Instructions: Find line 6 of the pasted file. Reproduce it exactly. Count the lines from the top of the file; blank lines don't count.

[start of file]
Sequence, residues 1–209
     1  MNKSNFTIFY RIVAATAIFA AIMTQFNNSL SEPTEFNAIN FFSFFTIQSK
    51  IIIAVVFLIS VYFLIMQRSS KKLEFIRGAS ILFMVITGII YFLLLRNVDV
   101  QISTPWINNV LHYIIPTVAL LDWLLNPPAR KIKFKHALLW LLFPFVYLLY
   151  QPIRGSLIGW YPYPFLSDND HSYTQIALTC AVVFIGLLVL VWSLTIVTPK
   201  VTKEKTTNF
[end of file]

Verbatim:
   201  VTKEKTTNF